That never materialized in his time with the White Sox, but Sale is headlining a World Series rotation for the Red Sox. The 29-year-old pitched Game 1 for the Red Sox against the Dodgers on Tuesday.

Sale didn't last long, making it into the fifth and getting pulled before recording an out. In those 4+ innings, Sale gave up three runs while striking out seven.

One of the key plays of the game featured Manny Machado getting an RBI single against Sale in the third inning to tie the game at 2-2. Machado later had an RBI groundout to again tie the game in the fifth before Boston regained the lead in the bottom half of that inning.

Was that a meeting of the White Sox past (Sale) against the White Sox future (Machado)? Machado will be a highly sought after free agent this winter and the White Sox have been connected to the former Orioles infielder since last offseason.

Game 1 featured a stellar pitching matchup of Sale against Clayton Kershaw, but it didn't materialize as it looked on paper. Sale labored while Kershaw gave up five runs in 4+ innings.

This postseason hasn't been a standout one for Sale. The lefty has a 4.40 ERA in 16 1/3 innings over four appearances (three starts and a relief appearance).

The longer Chris Sale is with the Red Sox, the less this will feel relevant to the White Sox, but it is still something to see the longtime White Sox ace on the mound starting a World Series opener.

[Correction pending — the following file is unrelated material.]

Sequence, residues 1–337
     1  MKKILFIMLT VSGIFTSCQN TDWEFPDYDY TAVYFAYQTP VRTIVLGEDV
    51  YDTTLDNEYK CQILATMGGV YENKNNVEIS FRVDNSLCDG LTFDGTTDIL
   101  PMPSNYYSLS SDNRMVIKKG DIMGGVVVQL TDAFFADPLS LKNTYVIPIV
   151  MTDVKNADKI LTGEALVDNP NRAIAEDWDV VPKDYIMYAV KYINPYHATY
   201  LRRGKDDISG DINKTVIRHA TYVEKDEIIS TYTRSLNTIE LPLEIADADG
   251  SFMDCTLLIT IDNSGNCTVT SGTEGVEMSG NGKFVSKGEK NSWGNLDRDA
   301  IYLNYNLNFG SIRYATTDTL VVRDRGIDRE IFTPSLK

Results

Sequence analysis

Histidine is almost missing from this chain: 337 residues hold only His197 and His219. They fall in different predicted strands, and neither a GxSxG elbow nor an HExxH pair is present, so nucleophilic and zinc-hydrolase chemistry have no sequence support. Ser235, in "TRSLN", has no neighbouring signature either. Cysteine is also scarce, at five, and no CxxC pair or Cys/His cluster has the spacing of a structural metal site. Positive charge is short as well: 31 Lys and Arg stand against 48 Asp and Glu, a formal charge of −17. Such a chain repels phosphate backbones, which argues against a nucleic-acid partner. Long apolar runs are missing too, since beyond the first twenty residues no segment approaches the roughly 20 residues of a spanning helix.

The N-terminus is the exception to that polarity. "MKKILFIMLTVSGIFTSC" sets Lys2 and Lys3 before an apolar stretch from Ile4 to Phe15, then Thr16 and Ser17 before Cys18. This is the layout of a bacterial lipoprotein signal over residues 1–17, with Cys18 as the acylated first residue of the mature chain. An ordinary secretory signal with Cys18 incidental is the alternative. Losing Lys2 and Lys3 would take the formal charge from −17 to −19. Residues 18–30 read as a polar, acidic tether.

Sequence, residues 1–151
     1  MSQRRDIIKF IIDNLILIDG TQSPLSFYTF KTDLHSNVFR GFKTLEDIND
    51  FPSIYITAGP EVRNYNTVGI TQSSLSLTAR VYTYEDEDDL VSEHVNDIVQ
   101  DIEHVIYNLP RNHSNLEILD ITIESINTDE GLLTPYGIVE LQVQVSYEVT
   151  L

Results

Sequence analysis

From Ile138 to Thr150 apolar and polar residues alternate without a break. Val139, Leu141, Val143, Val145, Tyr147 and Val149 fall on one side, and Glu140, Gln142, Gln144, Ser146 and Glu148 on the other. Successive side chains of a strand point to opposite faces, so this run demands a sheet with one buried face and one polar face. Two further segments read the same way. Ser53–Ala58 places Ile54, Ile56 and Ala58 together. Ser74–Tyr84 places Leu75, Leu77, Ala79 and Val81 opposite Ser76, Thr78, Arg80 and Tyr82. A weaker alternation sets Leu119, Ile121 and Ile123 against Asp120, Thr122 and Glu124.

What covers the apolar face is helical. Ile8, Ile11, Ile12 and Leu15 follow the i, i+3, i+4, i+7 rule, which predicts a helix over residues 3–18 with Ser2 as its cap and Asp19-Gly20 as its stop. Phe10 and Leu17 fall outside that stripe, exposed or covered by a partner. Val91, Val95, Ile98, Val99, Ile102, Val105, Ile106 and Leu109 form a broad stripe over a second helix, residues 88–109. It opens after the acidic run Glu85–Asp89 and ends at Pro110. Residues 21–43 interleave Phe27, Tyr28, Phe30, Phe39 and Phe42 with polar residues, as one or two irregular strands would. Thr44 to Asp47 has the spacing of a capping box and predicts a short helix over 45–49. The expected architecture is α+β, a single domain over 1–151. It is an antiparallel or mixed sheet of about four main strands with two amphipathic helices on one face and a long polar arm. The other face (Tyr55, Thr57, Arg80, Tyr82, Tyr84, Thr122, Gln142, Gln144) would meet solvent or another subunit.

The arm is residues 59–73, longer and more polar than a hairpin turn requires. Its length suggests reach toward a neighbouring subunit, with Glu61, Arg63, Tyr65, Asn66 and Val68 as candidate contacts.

White Sox Talk Podcast: A.J. Pierzynski rips Manny Machado

1211-aj-pierzynski.jpg
AP

White Sox Talk Podcast: A.J. Pierzynski rips Manny Machado

Former White Sox catcher A.J. Pierzynski comes on the podcast and tells Chuck Garfien why he’d sign Nolan Arenado over Manny Machado (6:15).

Pierzynski criticizes Machado for saying that he doesn’t play hard everyday (7:08). Would he make Machado the face of the White Sox franchise? (12:30)

He also talks about how bullpenning cost the Milwaukee Brewers a spot in the World Series (14:45).

He reveals the former White Sox player who had a gift for recognizing players who tipped their pitches (21:00).  Pierzynski tells behind the scenes stories about former teammates Nick Swisher, Bartolo Colon, Gavin Floyd and more (28:00).

Listen to the full episode at this link or in the embedded player below:

White Sox Talk Podcast

Subscribe: